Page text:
Back then, the TSJ ruled the suspension of all effects of vote tallying, adjudication and proclamation.


The Democratic Unity Roundtable (MUD) announced its third relaunch with a brand-new set of regulations which, among other details, replaces the general secretariat with the Leadership Board, composed of a representative of each one of the parties with larger parliamentary presence (Acción Democrática, Primero Justicia, Voluntad Popular, Un Nuevo Tiempo, La Causa R and Movimiento Progresista) and one representing the coalition’s minority parties.

Lawmaker Simón Calzadilla clarified that decisions will be adopted by consensus of the majority and that in this relaunch, there will be nine work groups: study of power; coordination with the Broad Front; opposition to the government’s administration; political communications; prospective; electoral tasks; governability and proposals; organization and activism; and international affairs. All of this segmentation seeks to accomplish a more efficient structure.


  • Cuban president Miguel Díaz-Canel came to Venezuela to visit chavismo’s seven temples: the National Pantheon, the ANC, the Cuartel de la Montaña, etc.; naturally, he was granted an order in the name of some independence hero. Nicolás announced new assistance agreements for Cuba, as if Reuters’ report of $440 million spent on oil for the island, amidst this humanitarian crisis, had been a dream.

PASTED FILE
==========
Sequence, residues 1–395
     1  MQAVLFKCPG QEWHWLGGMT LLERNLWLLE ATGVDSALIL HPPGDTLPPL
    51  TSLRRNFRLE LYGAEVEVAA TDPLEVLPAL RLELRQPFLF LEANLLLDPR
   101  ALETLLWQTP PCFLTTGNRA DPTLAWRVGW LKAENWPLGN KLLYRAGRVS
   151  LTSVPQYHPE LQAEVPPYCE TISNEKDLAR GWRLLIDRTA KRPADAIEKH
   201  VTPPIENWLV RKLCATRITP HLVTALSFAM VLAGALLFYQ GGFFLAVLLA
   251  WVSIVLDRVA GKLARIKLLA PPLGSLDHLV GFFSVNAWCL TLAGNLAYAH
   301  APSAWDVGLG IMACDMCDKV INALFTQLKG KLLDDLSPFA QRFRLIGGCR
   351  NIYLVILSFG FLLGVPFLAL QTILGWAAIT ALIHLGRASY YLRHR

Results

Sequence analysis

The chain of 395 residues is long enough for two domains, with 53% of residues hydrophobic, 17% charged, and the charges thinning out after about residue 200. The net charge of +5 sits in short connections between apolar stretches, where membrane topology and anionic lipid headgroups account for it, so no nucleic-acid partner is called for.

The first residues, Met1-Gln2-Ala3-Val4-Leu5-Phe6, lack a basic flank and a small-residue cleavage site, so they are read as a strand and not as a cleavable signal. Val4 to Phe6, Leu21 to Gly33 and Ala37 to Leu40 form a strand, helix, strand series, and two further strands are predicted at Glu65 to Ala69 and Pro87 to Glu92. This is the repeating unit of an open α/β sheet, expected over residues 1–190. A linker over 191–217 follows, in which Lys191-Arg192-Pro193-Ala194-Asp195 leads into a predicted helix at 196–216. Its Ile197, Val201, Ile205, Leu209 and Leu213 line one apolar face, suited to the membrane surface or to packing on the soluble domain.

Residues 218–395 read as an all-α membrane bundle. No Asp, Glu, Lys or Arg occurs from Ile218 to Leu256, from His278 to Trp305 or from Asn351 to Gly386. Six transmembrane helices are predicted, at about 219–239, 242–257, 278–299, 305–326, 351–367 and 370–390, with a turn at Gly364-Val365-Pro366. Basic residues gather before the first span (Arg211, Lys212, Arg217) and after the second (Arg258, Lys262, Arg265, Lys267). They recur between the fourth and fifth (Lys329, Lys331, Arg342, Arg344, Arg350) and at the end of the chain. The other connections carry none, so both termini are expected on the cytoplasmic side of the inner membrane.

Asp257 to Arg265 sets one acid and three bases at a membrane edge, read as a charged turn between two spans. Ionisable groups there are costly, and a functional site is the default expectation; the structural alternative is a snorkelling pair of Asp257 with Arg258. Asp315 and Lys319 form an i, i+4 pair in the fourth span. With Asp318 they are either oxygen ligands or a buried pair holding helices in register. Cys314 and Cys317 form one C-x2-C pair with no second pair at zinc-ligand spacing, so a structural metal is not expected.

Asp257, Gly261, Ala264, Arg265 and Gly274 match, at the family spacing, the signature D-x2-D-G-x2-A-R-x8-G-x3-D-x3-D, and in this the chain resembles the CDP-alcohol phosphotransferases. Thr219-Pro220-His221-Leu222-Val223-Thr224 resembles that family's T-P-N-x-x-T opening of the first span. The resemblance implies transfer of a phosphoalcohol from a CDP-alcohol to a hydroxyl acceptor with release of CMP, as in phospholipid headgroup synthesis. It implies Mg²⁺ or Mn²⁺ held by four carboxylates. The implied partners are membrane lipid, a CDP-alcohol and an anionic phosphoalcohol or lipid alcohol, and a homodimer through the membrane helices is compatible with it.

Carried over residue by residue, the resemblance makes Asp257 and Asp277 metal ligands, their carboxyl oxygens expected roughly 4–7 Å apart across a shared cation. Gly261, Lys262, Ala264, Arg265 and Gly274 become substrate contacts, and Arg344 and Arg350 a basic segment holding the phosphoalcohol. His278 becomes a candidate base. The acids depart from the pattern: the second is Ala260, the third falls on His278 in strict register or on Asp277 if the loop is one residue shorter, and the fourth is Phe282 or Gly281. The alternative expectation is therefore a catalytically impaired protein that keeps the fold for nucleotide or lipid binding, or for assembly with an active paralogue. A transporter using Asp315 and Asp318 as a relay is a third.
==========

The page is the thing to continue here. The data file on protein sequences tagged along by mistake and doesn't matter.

• Foreign Minister Roberto Ampuero said that the Chilean government is willing to study the recommendation made by the OAS to accuse Venezuela before the International Criminal Court for human rights violations, explaining that the interesting part is that, in the ICC, “responsibility is personal, it doesn’t dilute (…) When the ICC acts, it determines guilts and they are linked to individuals,” adding that they’re going to study the cases to keep substantiating them and that they have the best disposition to do it because it’s about tremendously serious human rights violations.
  • Colombian president Juan Manuel Santos thanked the European Union for their plan in assisting the flux of refugees fleeing from Venezuela. For Santos, Nicolás has caused the worst humanitarian crisis “ever seen.”
  • Eurochamber Speaker Antonio Tajani said that the stability efforts made by Santos “are at risk due to Venezuela’s worrisome situation,” and this risk is that the situation intensifies and “escalates into a true refugee crisis.”

  • Upon leaving his meeting with indecisive president Lenín Moreno, José Miguel Vivanco, Human Rights Watch’s director for the Americas, called Ecuador to join the stream of international condemnation for human rights violations in Venezuela, encouraging the country to publicly speak out in “cases as dramatic and serious” as ours.
  • The same day that the OAS agreed with the Inter American Commission on Human Rights and the Nicaraguan government to create a group to investigate the violence that’s taken place since April 18, and amidst the holding of the demonstration called “The Mother of all marches” during the Nicaraguan Mother’s Day, shots were fired in Managua’s University avenue, resulting in many people wounded. Following the live narrating of journalist Wilfredo Miranda Aburto (@PiruloAr on Twitter) was pure anguish. So far there isn’t an official version or a balance of people injured.

The period to declare Income Taxes expires this Thursday, May 31.

Naky Soto

Naky gets called Naibet at home and at the bank. She coordinates training programs for an NGO. She collects moments and turns them into words. She has more stories than freckles.